The Telegraph
 
 
IN TODAY'S PAPER
CITY NEWSLINES
 
 
ARCHIVES
Since 1st March, 1999
 
THE TELEGRAPH
 
 
Email This Page
Uma and the hunt for a missing rival

Chattarpur/Bhopal, Nov. 10: Leading a cavalcade of over 100 cars, jeeps and trucks that brought nondescript Chattarpur town to a standstill, Uma Bharti today filed two sets of nomination papers after seeking the blessings of Mothe Mahavir, as Lord Hanuman is referred to in the local language.

Within minutes, Uma’s opponents began to close ranks. The Samajwadi Party’s Madhya Pradesh chief, Gauri Singh Yadav, withdrew from the contest at Bada Malera, which lies east of Jhansi, so that the Opposition’s votes are not divided.

But if Gauri Singh had banked on the ruling Congress — and the main challenger to Uma — taking the fight into the BJP chief ministerial candidate’s camp, that party was busy posse-hunting for the candidate it wished to put up.

An unknown Jagdish Shukla is now the Congress’ candidate for the seat, but chief minister Digvijay Singh wants to replace him with someone who can give Uma a semblance of a fight. His choice is All-India Congress Committee spokesman Satyavrat Chaturvedi, but — until this evening — the problem was of finding him.

A reluctant Chaturvedi had gone underground — well, almost. If not Chaturvedi, Digvijay would like to pit Uma (Yadav) against Uma.

The Yadav Uma is a young, gritty leader from the backward castes who has threatened to join the BJP if Shukla remains the candidate, but would not object to Chaturvedi because of his seniority. Shukla’s claim to fame is the tag of being a Chaturvedi protégé.

For all these questions to be settled, Digvijay had to first hunt Chaturvedi down. Faced with the unattractive proposition of taking on Uma Bharti, Chaturvedi has been incommunicado for the past four days. His brother Alok, however, said he was merely campaigning for his son Nitin, a candidate in neighbouring Chandla.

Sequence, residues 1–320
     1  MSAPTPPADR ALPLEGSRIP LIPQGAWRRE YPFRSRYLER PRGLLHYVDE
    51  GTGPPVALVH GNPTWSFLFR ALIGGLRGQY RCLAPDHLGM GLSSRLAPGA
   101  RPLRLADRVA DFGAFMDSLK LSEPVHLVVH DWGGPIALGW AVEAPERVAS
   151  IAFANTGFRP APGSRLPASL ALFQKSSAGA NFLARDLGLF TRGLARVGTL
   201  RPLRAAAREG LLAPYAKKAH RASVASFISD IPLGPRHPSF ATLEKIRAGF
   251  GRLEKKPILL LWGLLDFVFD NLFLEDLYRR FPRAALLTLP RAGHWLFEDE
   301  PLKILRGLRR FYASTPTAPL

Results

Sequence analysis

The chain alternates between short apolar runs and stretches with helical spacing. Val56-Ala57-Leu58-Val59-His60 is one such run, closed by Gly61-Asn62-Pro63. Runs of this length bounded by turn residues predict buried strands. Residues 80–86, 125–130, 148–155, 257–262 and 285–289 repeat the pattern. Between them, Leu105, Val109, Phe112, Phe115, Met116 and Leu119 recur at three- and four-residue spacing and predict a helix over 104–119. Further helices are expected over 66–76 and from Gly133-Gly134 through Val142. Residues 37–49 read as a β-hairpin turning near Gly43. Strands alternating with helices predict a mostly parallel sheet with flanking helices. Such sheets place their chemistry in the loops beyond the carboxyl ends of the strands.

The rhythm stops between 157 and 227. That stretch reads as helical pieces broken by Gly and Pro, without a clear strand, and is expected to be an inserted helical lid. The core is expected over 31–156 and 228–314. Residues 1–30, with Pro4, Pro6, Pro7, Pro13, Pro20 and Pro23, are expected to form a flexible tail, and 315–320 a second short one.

Congress sources said Chaturvedi had abandoned his two mobile phones and snapped contact with Digvijay and AICC functionaries, so much so that the services of intelligence officials of Madhya Pradesh were engaged to track him.

This afternoon, Alok received a call where an unidentified person left a cryptic message that Chaturvedi should get in touch with AICC general secretary Ambika Soni “as soon as possible”. By evening, contact was re-established.

Apparently, sleuths were tailing Chaturvedi and his associates for the past 48 hours as Digvijay kept persuading Sonia Gandhi, Soni and others about the need to change the candidate.

Anyone in Chaturvedi’s shoes would do what he has done — hide — because of the daunting prospect of a face-off with Uma Bharti. But allowing the other Uma to jump into the ring at the expense of loyalist Shukla is not a happy alternative either, also for fear that a backward caste Congress candidate at Bada Malera will annoy influential Brahmin voters in his son’s constituency.

As the Congress hunted for a qualified candidate, Uma Bharti started her hunt, predicting the end of Digvijay’s “feudal raj” and evoking enthusiastic response. A local BJP leader could not help commenting, “It looks didi has already become chief minister in the hearts and minds of Chattarpur”.

Uma has been working hard to shed her image as an Ayodhya rabble-rouser, focusing instead on development, as her party wants her to. Even Uma Bharti can be reasonable. The BJP’s state manifesto will be released on November 15 by finance minister Jaswant Singh to reinforce the message that the lady means business.

Her associates have prepared a “vision document” with the aim of projecting the sadhvi as committed to good governance.

Top
Email This Page